Woa! Careful there. Maybe the pastor was wrong and it sounds heavy handed, but in Kenya, I suspect things are very patriarchal. It may be be hard for her to approach this authority figure the way we Anglos are accustomed to and I would never encourage such a thing unless I knew what things were like in her culture. Just the fact that she is in this position over her hair style leads me to believe that we are seeing a culture very much unlike our own.
This is such a touchy issue and yet it shouldn't be. However, we should never let our hair style or our desire to dress a certain way be the barrier for being in a certain ministry. Remember, Paul was very much "over" circumcision, but he still had Timothy circumcised for the sake of his ministry to Jewish people. If it takes such a small thing as a change in hair style to win people over, it's not worth squabbling over.
Steve is right; standing up to the male-dominated culture in Africa is not only difficult, but can be dangerous - even in the church. Lived in Kenya for two years, and saw a lot of things I didn't like.
I believe it's the women who are going to redeem Africa in the end, not the men. Look at the Women of Liberia Mass Action for Peace movement that finally ended the civil war in Liberia. When it comes to doing what's right in Africa, the majority of the men in positions of power just don't get it.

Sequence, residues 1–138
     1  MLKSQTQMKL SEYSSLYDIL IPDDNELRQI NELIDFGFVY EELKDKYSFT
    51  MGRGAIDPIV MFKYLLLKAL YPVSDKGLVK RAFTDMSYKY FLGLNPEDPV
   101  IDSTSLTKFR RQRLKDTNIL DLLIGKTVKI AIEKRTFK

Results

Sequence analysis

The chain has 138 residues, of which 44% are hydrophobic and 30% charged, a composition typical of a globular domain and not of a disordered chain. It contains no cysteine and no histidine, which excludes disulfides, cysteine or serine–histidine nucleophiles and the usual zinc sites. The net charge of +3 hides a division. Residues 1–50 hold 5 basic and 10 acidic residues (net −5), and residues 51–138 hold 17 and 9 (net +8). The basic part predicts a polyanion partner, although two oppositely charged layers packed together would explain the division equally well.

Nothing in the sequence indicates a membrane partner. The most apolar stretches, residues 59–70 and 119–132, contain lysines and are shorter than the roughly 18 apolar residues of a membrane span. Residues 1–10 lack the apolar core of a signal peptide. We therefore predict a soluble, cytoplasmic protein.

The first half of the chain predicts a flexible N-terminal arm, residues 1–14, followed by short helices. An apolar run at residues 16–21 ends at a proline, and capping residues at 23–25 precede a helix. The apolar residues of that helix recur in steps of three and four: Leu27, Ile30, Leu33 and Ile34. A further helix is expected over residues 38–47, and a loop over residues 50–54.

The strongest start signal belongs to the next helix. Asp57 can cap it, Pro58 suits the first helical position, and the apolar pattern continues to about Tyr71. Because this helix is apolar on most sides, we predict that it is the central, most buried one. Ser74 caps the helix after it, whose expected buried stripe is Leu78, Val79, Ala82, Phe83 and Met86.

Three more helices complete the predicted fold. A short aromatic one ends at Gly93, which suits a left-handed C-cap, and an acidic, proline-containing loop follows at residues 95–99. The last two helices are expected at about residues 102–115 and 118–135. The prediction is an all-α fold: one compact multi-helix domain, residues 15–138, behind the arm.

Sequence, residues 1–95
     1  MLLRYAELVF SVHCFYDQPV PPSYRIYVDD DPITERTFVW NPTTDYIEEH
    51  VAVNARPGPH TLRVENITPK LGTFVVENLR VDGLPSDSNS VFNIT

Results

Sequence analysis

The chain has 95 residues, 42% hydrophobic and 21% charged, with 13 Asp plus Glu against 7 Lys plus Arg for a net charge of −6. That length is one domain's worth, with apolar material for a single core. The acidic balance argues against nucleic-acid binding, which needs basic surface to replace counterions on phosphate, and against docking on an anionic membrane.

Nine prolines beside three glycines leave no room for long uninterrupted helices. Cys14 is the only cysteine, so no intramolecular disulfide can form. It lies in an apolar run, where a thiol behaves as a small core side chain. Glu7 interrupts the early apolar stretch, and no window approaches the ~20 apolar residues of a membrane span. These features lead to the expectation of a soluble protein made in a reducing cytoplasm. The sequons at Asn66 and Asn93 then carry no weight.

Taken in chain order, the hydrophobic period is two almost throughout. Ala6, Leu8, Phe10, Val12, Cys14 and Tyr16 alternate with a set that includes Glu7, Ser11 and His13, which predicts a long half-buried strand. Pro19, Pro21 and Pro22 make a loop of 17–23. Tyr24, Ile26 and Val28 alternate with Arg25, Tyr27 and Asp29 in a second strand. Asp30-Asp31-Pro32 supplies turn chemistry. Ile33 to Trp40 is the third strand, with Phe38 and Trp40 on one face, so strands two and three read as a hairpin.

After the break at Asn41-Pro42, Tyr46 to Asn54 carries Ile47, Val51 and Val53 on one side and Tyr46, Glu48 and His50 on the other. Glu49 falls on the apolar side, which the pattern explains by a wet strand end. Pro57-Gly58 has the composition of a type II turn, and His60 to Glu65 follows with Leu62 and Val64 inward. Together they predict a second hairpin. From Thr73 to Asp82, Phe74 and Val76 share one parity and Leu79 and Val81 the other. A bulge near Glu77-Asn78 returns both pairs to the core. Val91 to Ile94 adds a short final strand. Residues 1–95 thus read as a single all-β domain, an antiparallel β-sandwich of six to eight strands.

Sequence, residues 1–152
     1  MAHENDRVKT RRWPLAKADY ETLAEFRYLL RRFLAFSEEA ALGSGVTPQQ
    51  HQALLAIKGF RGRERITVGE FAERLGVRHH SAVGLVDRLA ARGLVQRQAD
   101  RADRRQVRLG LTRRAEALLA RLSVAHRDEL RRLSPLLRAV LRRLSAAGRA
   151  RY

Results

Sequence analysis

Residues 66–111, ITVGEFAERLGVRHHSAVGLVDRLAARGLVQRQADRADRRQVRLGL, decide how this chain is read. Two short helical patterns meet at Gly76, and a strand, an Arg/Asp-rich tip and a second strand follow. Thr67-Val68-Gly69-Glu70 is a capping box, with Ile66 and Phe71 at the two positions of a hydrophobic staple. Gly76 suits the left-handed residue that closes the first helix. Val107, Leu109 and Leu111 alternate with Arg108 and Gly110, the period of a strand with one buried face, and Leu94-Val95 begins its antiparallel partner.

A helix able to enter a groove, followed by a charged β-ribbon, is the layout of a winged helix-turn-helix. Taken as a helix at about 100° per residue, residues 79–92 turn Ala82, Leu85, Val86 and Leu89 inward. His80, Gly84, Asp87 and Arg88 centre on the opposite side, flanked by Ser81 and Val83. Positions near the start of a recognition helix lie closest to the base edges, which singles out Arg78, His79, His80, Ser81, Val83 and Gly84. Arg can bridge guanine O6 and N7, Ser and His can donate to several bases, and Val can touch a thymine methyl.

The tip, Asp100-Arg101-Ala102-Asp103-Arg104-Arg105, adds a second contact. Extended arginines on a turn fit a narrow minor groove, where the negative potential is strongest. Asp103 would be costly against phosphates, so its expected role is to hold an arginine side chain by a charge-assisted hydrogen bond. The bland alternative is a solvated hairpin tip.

Verah should look over the good advice given in these replies. After making sure her heart is right (and that she wasn't acting out of known rebellion) she will have to make a choice - submit and stay as a suffering servant (as Jesus did); repent of a rebellious heart and stay (if that was the case); or graciously leave and find a new place to worship and serve that has a better (perhaps) understanding of how God looks on the heart and not on the outward appearance. I honestly don't know which option applies (and there may be more), but Verah, I'm sure you do.
May the Lord give you peace in the correct way to go.
I'm glad when worship leaders and team members from all over our world meet like this; it forces us to have to stop and think our thoughts through before answering. Sometimes we get a completely different perspective on things that we used to consider cut and dried.
I don't know about you, but it keeps me on my toes. :)
I didn't read the whole posting. I didn't know it was Kenya.
I have been to Ethiopia several times, and I know that Dreadlocks there in Ethiopia have a significance that eludes us here in the West.
They are associated with Rasta which known to be Satanic in their eyes. The one's who are Rasta worship so very stange things?
Hailselasse used to kill and sacrifice young childerens for Satanic ritual at lake Hora at Debrezeit